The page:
Re: minority disenfranchisement via machine?

From: Ron Crane <voting_at_lastland_dot_net>
Date: Wed Mar 08 2006 - 19:14:12 CST
Joseph Lorenzo Hall wrote:
That's really interesting... wouldn't you think the easiest way to do
this would be if the local election official (who also knows the lay
of the land, so to speak) knew beforehand which machines were more
likely to fail (e.g., the older ones or ones that have been doctored)
and directed certain machines to certain polling places?  That is, not
necessarily programmed them differently (although with the
AccuVote-[TS|OS] would seem the easiest to tamper with given deep
access and poor procedures). -Joe
Both crooked vendors and crooked officials can perpetrate this denial-of-service attack. A crooked vendor or official could ship "bad" machines to precincts favoring one party, and "good" machines to the other precincts. They might select "good" and "bad" machines by testing and choosing, by mishandling (e.g., overvolting) some machines, or they might instrument the software to make the machines fail at the desired rates.

I just sent the California SoS a brief analysis of this fraud along with my comments on the proposed certification of some new machines. Here's the analysis, which expands upon the one I posted to the OVC list earlier today.


Imagine, for example, that a crooked vendor instruments its machines to fail more frequently as the proportion of party A votes to party B votes increases. By "fail", I mean lock up so as to require servicing by a vendor's repairperson, and thereby become unusable for the remainder of the affected election. Imagine further that the probability of failure at a 50%/50% party A/party B ratio is 0.01% per ballot cast, and that it increases linearly to 0.2% per ballot cast at a 60%/40% party A/party B ratio. Now imagine two precincts, each of which has 4 machines and 500 voters who will come to the polls (= 125 voters/machine). In precinct 1, voters vote at a 50%/50% ratio, and in precinct 2, they vote at a 60%/40% ratio.

The probability that any one particular machine will fail in each precinct is:

P(precinct 1 failure) = 1 - (1 - 0.0001)^125 = 0.0124

P(precinct 2 failure) = 1 - (1 - 0.002)^125 = 0.221

The probability that exactly one machine will fail in each precinct is:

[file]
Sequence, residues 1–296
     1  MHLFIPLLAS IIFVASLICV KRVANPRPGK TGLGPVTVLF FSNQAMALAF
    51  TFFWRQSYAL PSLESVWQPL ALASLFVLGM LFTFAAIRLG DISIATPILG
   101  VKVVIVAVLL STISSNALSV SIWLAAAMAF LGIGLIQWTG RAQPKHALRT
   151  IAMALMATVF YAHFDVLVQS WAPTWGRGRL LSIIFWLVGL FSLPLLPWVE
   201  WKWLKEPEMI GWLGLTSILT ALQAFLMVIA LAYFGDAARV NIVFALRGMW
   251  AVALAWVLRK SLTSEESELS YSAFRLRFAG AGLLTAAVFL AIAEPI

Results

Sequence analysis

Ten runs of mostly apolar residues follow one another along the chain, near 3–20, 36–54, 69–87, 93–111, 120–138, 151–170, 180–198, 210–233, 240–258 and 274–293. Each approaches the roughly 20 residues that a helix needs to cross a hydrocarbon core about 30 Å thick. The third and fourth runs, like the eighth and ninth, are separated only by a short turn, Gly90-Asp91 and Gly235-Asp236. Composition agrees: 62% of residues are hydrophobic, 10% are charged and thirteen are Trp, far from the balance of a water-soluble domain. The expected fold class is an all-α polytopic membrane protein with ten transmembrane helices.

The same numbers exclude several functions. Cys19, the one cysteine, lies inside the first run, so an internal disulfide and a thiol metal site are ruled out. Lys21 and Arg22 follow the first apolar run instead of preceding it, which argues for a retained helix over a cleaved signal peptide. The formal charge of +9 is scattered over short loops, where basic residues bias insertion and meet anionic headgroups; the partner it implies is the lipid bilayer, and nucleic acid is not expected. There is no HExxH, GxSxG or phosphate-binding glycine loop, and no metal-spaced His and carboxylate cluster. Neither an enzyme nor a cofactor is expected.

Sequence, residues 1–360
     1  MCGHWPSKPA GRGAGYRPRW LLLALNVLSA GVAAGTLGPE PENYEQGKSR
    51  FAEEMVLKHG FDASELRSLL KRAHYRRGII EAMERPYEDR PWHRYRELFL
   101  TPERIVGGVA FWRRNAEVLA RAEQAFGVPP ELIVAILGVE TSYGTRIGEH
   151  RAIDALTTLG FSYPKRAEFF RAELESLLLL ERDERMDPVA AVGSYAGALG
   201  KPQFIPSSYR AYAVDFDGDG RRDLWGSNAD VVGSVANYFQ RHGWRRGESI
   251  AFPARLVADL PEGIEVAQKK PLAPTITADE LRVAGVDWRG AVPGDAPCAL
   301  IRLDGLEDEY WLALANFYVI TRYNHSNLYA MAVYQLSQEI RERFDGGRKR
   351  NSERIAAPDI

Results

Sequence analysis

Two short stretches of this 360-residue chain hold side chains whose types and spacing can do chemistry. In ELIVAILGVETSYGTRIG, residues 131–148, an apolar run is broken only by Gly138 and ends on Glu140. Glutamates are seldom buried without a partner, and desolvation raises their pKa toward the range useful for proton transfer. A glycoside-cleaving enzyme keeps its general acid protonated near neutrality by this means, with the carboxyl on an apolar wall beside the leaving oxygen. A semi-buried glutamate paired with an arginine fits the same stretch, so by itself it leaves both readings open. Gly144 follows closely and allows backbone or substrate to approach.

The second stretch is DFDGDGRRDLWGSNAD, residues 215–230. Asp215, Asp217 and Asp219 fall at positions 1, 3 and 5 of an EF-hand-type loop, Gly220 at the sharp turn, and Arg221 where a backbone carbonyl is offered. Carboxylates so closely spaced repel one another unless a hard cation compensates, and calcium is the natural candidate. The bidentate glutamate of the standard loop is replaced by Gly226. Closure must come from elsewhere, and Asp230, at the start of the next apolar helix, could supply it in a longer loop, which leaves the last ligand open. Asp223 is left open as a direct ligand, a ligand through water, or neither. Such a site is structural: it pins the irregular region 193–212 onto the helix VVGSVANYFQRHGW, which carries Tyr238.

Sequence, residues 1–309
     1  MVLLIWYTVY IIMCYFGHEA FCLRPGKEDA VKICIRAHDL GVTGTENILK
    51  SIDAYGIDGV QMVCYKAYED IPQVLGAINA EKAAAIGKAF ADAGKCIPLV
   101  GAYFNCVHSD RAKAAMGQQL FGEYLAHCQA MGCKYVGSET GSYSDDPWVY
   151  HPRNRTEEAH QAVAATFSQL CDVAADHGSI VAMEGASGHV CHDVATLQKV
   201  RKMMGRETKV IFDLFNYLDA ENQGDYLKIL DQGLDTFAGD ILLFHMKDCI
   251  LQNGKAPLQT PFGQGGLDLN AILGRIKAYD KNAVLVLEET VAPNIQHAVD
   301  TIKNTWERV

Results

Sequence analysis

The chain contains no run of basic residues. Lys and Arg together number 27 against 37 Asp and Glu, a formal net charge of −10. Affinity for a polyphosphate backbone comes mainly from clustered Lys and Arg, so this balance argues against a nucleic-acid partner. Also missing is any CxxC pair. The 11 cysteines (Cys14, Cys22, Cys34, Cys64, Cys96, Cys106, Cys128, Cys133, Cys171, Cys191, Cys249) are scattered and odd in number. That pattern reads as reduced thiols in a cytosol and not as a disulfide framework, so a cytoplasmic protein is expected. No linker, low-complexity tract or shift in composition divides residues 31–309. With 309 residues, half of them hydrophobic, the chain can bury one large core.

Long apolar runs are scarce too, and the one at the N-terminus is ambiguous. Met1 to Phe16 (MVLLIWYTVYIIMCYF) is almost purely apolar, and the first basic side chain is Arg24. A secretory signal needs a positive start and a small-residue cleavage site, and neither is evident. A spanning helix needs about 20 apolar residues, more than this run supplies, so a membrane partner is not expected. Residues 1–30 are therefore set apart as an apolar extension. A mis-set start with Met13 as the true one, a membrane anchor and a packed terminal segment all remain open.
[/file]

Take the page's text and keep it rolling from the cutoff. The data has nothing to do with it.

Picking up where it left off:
P(exactly 1 failure) =

P(a single machine fails) *

P(the 3 others don’t fail) *

the number of ways this can happen (number of combinations)


P(single precinct 1 failure) = 0.0124*(1-0.0124)^3 * 4 = 0.0478

P(single precinct 2 failure) = 0.221*(1-.0.221)^3 * 4 = 0.418


Assuming that each voter takes 5 minutes on average to vote, that the polls are open 14 hours, and that only a single machine fails, we can compute what that difference in failure rates does (on average) to the wait times at the two precincts. At 500 voters per precinct, voters will arrive at the polls at an average rate of 500/(14*60) =  0.595/minute. Since voting takes 5 minutes, each machine can handle 1/5 = 0.20 voters/minute. Assuming that both the voter arrival rates and the voting rates follow a Poisson distribution (the usual for problems of this nature), the average wait times are:


With 4 operating machines at all times                                    2.4 minutes

With 3 operating machines at the start of polling                         191 minutes

With 3 operating machines where one fails after 1/4 have voted            174 minutes

With 3 operating machines where one fails after half have voted           142 minutes

With 3 operating machines where one fails after 3/4ths have voted         86 minutes


So the difference between all the machines operating and only one failing is dramatic, and is 0.418/0.0478 = 8.7 times as likely to happen at the precinct under attack. Weighting the wait times for the probabilities of failure, and assuming failures occur after half the voters have voted, we get:


Precinct 1 average wait time (1-0.0478)*2.4 minutes + 0.0478*142 minutes       = 9 minutes

Precinct 2 average wait time (1-0.418)*2.4 minutes + 0.418*142 minutes          = 61 minutes


This difference in average wait times cannot help but dramatically lower the turnout in the precinct under attack, but the general public has no good way to determine whether a crooked vendor (or a crooked official) is mounting this attack. And the general public has no good way to determine how much the attack, if mounted, lowered the turnout in the affected precincts. Further, the voters who saw the line and turned away from the polls have no good legal grounds to contest the election.

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Received on Fri Mar 31 23:17:02 2006

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